Budgeting Rewards


Creating a budget is hard work, as I and others have discussed elsewhere. Yet having a strong, accurate budget is an essential step towards financial freedom. Once the budget is created, then you need the determination and commitment to keep that budget, which can be difficult given the temptations of the world we live in. One of the ways to keep you on track is to include rewards in your budget.

Types of Rewards

While there are almost an infinite number of things that can be rewards, depending on your personality, there are really two types of rewards when it comes to maintaining your budget.

The first type of reward is what I call a maintenance reward. This reward is what you give yourself periodically for simply holding to your budget. The military gives medals for duration of service as well as heroism; a maintenance reward is like that, something you give yourself simply because you have been doing a good job. Maintenance awards should not be large, but (of course) enjoyable. Taking your spouse out to dinner is a good example of a maintenance award, or maybe a weekend camping trip (which works very well for me). Include a small savings plan in your budget for this type of reward, say about $ 50 a month or so. I would suggest you isolate this money; don’t put it in your savings accounts, investment accounts. Instead, just get the cash and put it someplace you can look at it often. This allows you to fantasize a little about the reward, which increases your pleasure. And rather than rewarding yourself every month, make this significant by doing every 3 to 6 months.

The second reward is a milestone award. This is something you give yourself when you reach a specific target, suggest as paying off a big debt, or reaching a certain income. Treat this as a bonus. Put an item in your entertainment category, possibly, to pay for this reward. If you are using the envelope technique to manage your spending, you could put any left over money into this fund. I would suggest opening a second savings account, like a Christmas fund account, to hold the money for this reward. Then, when you reach the milestone, buy that big new television, go on that cruise you’ve been wanting to do, reward yourself.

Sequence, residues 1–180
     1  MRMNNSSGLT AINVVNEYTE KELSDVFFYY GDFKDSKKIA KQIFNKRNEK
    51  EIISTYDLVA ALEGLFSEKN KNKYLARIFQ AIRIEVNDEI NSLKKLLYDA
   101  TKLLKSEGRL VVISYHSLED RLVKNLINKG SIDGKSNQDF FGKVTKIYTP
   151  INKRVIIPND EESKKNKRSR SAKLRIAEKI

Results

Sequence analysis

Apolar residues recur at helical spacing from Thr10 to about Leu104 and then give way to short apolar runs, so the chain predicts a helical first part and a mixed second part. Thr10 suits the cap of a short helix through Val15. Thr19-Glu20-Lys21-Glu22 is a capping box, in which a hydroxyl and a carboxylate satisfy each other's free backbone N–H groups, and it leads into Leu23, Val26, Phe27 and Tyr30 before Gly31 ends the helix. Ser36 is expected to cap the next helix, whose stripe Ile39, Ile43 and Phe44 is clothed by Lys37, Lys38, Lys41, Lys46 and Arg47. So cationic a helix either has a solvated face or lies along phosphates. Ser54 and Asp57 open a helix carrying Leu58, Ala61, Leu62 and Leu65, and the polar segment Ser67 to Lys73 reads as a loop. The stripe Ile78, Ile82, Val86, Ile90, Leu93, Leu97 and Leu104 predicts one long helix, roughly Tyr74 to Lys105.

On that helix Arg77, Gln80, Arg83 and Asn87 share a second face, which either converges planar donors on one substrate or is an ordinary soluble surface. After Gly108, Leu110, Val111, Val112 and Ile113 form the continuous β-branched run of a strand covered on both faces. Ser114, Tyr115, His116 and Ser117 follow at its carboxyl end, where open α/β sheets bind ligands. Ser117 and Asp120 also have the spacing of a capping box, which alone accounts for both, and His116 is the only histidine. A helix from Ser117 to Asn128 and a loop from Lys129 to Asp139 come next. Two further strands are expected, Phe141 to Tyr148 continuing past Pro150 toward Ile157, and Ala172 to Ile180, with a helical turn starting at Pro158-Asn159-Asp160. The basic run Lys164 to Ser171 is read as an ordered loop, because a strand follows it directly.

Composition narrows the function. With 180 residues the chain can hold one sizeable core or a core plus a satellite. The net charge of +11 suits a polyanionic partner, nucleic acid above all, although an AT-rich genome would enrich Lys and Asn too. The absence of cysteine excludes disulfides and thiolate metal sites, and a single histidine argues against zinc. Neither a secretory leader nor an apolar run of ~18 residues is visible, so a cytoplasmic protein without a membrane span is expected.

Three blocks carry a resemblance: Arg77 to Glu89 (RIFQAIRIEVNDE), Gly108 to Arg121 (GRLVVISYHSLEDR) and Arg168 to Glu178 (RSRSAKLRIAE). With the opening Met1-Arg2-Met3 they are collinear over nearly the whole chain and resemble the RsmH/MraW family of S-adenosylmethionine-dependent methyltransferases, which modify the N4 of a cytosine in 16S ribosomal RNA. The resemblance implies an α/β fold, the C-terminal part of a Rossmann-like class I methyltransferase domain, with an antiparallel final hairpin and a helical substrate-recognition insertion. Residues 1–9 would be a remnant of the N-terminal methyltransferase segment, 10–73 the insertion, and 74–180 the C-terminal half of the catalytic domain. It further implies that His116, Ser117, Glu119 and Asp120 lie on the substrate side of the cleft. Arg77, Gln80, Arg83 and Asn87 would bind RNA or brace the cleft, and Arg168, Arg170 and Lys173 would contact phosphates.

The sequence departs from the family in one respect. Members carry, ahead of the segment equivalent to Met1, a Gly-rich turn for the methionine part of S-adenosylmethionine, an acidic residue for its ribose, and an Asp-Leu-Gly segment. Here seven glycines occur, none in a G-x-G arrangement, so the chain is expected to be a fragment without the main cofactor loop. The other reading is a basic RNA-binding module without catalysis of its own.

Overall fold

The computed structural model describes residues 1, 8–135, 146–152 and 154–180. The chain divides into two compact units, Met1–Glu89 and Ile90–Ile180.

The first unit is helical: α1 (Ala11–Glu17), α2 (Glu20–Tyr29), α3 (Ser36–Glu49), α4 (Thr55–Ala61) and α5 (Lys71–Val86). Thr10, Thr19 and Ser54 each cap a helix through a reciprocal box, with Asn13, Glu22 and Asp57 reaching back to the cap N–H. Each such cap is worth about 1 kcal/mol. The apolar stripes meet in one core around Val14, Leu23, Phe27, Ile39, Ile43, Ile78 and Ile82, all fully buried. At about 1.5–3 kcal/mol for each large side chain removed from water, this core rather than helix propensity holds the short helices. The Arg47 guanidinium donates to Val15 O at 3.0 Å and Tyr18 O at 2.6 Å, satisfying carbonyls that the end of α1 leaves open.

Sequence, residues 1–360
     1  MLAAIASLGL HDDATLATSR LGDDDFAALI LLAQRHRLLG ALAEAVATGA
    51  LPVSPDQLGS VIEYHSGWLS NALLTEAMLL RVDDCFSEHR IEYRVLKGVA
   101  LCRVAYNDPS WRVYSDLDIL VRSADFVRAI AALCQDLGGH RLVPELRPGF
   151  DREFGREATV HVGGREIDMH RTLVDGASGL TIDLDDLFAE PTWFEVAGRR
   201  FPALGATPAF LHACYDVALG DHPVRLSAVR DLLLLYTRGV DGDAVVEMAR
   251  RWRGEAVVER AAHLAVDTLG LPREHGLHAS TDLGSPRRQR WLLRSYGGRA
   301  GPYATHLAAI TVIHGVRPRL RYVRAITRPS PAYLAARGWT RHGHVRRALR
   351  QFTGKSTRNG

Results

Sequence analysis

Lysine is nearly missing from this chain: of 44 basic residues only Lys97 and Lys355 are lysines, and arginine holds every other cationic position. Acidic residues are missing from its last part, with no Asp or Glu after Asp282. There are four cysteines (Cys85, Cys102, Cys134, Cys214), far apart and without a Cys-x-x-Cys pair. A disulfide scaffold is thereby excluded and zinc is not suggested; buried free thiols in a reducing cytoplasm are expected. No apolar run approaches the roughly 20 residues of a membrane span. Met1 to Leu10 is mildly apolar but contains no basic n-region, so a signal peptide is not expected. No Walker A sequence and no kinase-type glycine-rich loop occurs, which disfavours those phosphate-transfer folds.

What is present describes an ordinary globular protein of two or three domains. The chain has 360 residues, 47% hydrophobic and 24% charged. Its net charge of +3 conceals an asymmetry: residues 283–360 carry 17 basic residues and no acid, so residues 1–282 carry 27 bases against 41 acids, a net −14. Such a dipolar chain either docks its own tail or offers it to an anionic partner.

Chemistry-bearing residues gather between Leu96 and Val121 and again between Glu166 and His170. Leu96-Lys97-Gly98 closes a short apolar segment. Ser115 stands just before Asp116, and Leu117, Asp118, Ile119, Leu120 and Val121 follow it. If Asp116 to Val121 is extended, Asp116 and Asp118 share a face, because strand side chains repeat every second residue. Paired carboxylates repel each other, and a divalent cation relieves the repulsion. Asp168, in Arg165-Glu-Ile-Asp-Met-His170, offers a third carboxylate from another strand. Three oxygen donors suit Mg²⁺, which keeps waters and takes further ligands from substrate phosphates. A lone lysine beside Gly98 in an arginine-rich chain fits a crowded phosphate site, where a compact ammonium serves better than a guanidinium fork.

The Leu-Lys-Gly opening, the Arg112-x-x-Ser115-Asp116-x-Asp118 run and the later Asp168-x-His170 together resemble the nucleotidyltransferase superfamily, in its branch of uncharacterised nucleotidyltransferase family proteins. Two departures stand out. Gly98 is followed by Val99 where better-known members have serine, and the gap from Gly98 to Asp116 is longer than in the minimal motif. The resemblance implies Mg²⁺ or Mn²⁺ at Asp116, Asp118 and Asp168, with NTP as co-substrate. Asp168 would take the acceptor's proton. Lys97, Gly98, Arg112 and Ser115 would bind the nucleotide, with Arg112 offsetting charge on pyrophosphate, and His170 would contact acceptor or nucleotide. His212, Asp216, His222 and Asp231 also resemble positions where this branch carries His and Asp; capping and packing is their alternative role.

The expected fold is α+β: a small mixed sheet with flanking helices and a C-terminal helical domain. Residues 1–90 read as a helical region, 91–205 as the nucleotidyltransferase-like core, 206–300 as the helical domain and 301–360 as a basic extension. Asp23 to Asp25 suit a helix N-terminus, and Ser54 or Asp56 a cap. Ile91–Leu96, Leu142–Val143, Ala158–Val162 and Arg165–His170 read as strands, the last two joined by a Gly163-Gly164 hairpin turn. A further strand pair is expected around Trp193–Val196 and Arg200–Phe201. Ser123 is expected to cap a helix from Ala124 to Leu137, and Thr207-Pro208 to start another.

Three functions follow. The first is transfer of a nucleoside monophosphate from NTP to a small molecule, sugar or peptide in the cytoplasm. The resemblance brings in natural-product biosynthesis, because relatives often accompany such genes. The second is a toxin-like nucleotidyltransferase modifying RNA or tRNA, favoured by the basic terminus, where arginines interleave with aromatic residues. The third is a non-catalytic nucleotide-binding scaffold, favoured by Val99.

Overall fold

You might be asking yourself, why should I do this? Isn’t the reward of financial freedom big enough to work? Why spend the extra money?

Quite frankly, no, the ultimate goal of financial freedom is not enough. A financial freedom plan takes years, typically, to accomplish. Unless you are incredibly strong willed, you cannot keep going years without some payoff; I know I can’t. So, give yourself some incentive to reach the milestones. Take time to indulge yourself, a little, before you get back into the fight. Again, to use the military as an example, combat soldiers get leave to go to town and have a good time. They do this because it works, it keeps the soldiers motivated. Don’t treat yourself like a monk, but as a soldier. You’ll get better long term results.